by Michael R. Allen
The relocation of St. Louis University’s School of Law into a transformed building at Tucker and Pine streets has helped Tucker Boulevard regain some its lost title to being downtown’s most important north-south street. Students and faculty circulate around what was once one of the city’s most tragic and downright ugly modernist boxes, giving Tucker Boulevard hopeful human energy. New cafes and restaurants suggest that the law school could have a catalyst impact.
Should the footsteps of the repopulated species of the Tucker pedestrian march toward Washington Avenue, they will pass by one of the street’s proudest achievements, the neoclassical mass of the Hotel Jefferson. Located between Locust and St. Charles streets, the old hotel is punctuated by climbing bay-window appendages and up-top truncated floral ornament that once cradled rounded windows. The Hotel Jefferson proclaims an architectural imperiousness befitting its origin as a hotel built for the visitors to the Louisiana Purchase Exposition in 1904.
In 1928, ahead of the Depression, the hotel developers built a major addition to the hotel designed by Teich & Sullivan of Chicago. Teich & Sullivan redesigned the lobby of the original Barnett, Haynes & Barnett-designed building, creating an overlook to the first floor lobby encircled by balustrade. The mezzanine level became the home of two new major public spaces in the new addition.
Boarded-up base keeps pedestrians from glancing into its hidden inner mysteries — but hopefully not for long. Those who know the building for its final use, a warren of cheap studio apartments called the “Jefferson Arms,” might not suspect there are any mysteries lingering beyond untold mortal affairs (best left untold). Wrong. Inside of the old Hotel Jefferson is a lost golden dance hall, left nearly unaltered for 85 years and locked off from the tenants of the Jefferson Arms. (Still, one long-gone former tenant once told me over a drink at lost Dapper Dan’s across the street that he had found the way into a “gold ballroom.”)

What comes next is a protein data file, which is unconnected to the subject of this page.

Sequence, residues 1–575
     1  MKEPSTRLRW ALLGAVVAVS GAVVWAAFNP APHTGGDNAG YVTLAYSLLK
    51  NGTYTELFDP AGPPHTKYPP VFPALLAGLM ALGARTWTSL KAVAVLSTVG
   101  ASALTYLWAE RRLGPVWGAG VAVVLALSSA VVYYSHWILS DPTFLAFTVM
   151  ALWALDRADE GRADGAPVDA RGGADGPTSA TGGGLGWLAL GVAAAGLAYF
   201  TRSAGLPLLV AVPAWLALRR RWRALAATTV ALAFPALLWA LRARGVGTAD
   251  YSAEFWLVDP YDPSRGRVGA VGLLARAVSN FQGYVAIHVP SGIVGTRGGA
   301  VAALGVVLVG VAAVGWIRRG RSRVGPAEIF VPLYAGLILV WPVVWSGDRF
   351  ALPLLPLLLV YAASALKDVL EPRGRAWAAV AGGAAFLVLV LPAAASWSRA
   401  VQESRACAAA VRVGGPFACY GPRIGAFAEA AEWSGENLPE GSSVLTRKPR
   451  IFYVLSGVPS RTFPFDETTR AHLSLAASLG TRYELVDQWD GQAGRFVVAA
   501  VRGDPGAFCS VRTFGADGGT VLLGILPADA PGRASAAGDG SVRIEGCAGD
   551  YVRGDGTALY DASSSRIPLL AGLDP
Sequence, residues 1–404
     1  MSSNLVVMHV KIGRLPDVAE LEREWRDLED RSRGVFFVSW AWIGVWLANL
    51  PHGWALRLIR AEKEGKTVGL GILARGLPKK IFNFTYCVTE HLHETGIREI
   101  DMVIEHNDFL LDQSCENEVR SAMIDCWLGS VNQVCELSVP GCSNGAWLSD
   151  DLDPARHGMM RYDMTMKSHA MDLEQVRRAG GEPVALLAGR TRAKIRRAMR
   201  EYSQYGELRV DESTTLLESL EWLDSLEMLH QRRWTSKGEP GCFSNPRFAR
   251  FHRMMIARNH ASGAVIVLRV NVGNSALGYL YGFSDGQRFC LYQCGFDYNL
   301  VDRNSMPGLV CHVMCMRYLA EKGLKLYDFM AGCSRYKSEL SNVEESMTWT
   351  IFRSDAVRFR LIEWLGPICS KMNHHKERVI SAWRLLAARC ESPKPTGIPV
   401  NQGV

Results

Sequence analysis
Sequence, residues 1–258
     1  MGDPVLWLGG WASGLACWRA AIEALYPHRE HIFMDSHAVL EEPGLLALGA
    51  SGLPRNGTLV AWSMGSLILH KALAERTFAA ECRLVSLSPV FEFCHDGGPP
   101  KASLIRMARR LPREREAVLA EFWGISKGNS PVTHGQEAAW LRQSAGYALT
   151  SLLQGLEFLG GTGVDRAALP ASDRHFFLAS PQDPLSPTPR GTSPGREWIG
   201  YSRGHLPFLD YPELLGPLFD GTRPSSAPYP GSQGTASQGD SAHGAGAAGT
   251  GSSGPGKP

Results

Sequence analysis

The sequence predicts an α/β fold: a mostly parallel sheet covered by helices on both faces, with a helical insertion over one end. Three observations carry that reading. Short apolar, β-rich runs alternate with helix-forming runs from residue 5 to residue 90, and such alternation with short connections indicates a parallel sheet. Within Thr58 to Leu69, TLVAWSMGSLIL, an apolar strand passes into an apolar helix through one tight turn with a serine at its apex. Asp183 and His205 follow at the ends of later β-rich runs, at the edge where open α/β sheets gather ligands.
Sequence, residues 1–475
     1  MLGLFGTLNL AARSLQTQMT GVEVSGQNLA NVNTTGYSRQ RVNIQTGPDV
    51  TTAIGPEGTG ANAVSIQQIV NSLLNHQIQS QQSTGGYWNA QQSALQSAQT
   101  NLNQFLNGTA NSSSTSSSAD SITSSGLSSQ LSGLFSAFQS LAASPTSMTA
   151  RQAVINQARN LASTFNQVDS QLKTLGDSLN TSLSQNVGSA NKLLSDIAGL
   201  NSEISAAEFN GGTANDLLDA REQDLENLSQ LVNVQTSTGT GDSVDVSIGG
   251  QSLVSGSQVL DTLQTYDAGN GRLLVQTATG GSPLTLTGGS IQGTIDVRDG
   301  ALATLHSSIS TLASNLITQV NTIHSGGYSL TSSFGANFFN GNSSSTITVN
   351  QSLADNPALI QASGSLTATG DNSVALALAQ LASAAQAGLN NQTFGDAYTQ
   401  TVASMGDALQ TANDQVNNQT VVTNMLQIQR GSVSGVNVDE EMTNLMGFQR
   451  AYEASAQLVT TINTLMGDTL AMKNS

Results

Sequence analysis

The old hotel’s biggest secret is the Gold Room, whose floor has rested from dancers’ feet for decades. The Gold Room is one of the vestiges of the Jefferson’s late Jazz Age remodel. Today, the lobby sports just a few traces of its 1928 look, including white marble staircases hiding out in the dark, unlit interior. The overlook was covered over after the 1950s, when the hotel briefly operated as a Sheraton. The public spaces read as cross between the would-be mid-century urban streamline and 1980s economical apartment styles. The marble stairs lead to the mezzanine level, where the grandest space in the Jefferson can be found, untouched by all of the modern changes that robbed the interior of complex beauty.
The Gold Room is a gently baroque artifact, with paneled and mirrored plaster walls, gold-painted accents, undulating balconies, and a ponderous crystal chandelier. Corinthian pilasters set against the walls provide a note of classicism to the space, but not one overtly staid. This room is a room set for fantastic happenings, not business luncheons. The Gold Room is also large: underneath its two-story ceiling, the room could accommodate as many as 1200 people, according to hotel brochures. Although the 1928 floor plan for the hotel has it labeled as a “Banquet Hall,” and it hosted many large dinners, the original design anticipated its use for dances — and the floor is a dance floor.
For almost four decades, the Gold Room served thousands of people through many large and lavish events. Debutantes came out annually at the Veiled Prophet Dinner in the Gold Room into the 1950s. Eventually, however, the Gold Room was shuttered to wait for a new era’s users. Planned renovation of the Hotel Jefferson by the Pyramid Companies — one of the building’s recent mysteries — came and went. The Gold Room will have to await new plans to return to its formerly busy social schedule. Meanwhile, inside of the dim interior of the Jefferson, the golden splendor of the hotel ballroom looks barely different than it did when the the city’s elite were celebrating the admiring gaze of the entire world.